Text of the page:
Tomatin. This place is huge. So large, that they have extra equipment that is not in use and they let you climb around in it. Although I do hope to someday be a part of cleaning the washbacks and mashtuns, I will always say that Tomatin was my first time standing in one. You can only go into a previously used mash tun and the metal plates at the bottom were removed for safety reasons, but it still was pretty awesome. This makes you realize how big these really are. The reason for the “extra” equipment is due to ownership changes, market demand and overall economy of scale. At one time in the peak of demand in the 80’s they were making over 12.5 million liters of new make spirit. They are now making 2.5 million liters per year and are owned by a Japanese company named Takara Shuzo. Apparently, the reason for the purchase was because the owners really liked the Tomatin whisky. Must be nice to rescue a distillery for millions of dollars just because it is your favorite dram
More about Takara Shuzo. http://www.takarashuzo.co.jp/english/productguide/index.html They are quite the drinks company and you will see right away based on their website that their core range includes sake and schochu. Actually, Tomatin isn’t even listed under their brand page and is found under subsidiary companies. This company knows distillation though. They own multiple brands, import and distribute global brands within Japan and also make raw spirit for other sake brands. I would be curious to know how they hold up against Beam Suntory.
Tomatin receives 130,000 tons of malted barley per week. They typically run un-peated barley, but once a year will run a peated expression. They are one of the highest distilleries in Scotland, sitting at 350 meters above sea level. Due to this they get quite cold and a lot of snow. You will see cottages as you drive up the distillery road and most of the workers live on site for this winter/snow reason. They have two Porteus mills. I feel like they should sell the Porteus mill they aren’t using for good money since everyone wants them! Their mashtun and all washbacks are stainless steel. Three waters are run to get their wort and they run four mashes a day. They use dry yeast and have a 56 hour fermentation period. They claim that liquid yeast doesn’t survive as long. There are 12 washbacks in use and another 12 that aren’t and are used for holding cleaning materials. The wash stills are quite tall and have a long lyne arm and reflux bulge. The way the stills are arranged is quite different from most distilleries. They have a large warehouse and stills on each side. The wash and spirit still that will work together sit across from each other and not next to each other. They did not mothball any of the stills and use all that are on site and rotate them. Casks are filled on site and they use quite a range of barrel types, everything from sherry butts, port casks, bourbon and Caribbean rum casks. They have experienced coopers on site to mend casks and hold 174,000 casks at the moment at the distillery.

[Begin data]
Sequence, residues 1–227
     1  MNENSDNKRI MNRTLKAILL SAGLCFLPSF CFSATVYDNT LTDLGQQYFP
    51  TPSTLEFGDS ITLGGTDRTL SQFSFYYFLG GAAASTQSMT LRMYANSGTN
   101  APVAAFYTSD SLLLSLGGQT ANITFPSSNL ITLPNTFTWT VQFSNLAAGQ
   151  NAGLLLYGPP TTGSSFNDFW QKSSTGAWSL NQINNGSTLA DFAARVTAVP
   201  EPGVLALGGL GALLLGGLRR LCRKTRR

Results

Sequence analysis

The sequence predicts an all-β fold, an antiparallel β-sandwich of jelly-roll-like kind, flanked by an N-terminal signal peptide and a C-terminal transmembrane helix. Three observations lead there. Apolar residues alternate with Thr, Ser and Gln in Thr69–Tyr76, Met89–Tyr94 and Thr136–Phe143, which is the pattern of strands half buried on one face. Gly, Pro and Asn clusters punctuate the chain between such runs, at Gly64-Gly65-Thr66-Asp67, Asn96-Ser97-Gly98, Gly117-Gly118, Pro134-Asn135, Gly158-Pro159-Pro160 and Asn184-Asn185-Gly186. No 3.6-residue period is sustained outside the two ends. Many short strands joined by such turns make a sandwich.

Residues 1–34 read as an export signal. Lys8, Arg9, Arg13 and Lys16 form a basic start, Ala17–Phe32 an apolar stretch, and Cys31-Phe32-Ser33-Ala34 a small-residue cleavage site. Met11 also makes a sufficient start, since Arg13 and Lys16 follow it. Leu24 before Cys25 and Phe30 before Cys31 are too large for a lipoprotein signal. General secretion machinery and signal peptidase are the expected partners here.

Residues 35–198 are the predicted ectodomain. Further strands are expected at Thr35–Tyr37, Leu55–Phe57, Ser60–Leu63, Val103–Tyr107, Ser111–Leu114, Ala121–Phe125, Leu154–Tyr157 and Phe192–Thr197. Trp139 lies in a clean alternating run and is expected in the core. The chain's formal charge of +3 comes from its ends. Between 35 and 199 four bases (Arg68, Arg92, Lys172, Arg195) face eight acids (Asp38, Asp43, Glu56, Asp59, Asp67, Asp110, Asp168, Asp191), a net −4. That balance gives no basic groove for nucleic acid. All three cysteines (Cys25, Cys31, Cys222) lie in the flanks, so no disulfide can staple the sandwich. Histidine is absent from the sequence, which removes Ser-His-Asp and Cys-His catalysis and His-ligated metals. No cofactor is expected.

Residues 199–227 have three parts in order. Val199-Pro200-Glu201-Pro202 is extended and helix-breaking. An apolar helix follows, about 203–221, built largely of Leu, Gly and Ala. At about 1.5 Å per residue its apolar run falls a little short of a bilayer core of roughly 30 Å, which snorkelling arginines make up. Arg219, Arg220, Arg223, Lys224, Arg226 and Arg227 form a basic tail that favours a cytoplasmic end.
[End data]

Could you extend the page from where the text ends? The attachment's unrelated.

Tomatin also just went through a re-branding, which really needed to happen. They had some really terrible bottles and labels and now actually have a bottle shaped like a tomato. At least, I find it looking like a tomato. They are quite popular in the Asia, USA and France. Still, you will onlky find 40% of their whisky production going to single malt and the rest sold off to blends. I had a great tour guide named Charlie who loved whisky as much as I did. We ended up staying a bit longer after the tour finished and I was able to try over five different drams in the Tomatin range. I will list a few below…
Cu’Bocan- Non-Age Statement
Holly’ Tasting Note..
Nose: Mocha, tangerines, chocolate chip, creamy berries.
Palate: Toasted wood, cinnamon, toast with Nutella.
This was a great non age statement, but as an American, to be honest, I wanted it to taste like bacon. The pronunciation is like bacon and I wanted it so bad!
Tomatin 9 Year Old 2007 Caribbean Rum Cask
Holly’s Tasting Note..
Nose: Coconut oils, honey, peach, oily!
Palate: Mango, banana, cream pie with whip cream.
This was so delicious! Many people that claimed to not like whisky really liked this one. You can see the comparison of the bottle change below. The new bottles are on the left and the old is on the right.
Next up is Glen Ord aka “The Singleton of Glen Ord”..